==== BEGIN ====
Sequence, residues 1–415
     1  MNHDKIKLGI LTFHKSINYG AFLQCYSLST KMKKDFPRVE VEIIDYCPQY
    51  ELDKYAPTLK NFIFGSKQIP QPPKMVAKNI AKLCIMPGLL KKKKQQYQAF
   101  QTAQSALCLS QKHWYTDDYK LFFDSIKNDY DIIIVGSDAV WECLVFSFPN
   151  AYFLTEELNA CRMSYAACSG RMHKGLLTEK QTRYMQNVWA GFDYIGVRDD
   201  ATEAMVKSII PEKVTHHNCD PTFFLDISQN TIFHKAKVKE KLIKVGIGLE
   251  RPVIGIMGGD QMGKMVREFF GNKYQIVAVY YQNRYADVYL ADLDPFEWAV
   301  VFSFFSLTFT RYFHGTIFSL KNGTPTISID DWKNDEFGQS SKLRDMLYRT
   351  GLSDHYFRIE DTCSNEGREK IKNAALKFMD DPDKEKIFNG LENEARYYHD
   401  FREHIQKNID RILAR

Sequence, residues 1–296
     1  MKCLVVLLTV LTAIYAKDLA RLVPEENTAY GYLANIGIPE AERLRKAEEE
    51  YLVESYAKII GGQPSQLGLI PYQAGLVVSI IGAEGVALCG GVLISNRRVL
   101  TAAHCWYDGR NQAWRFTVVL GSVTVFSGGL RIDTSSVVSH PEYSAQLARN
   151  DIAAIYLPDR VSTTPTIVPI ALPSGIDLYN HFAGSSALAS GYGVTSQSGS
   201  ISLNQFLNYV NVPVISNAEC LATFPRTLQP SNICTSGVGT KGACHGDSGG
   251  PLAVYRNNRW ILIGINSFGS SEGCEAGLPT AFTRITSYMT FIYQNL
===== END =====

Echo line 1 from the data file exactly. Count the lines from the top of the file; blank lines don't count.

Sequence, residues 1–415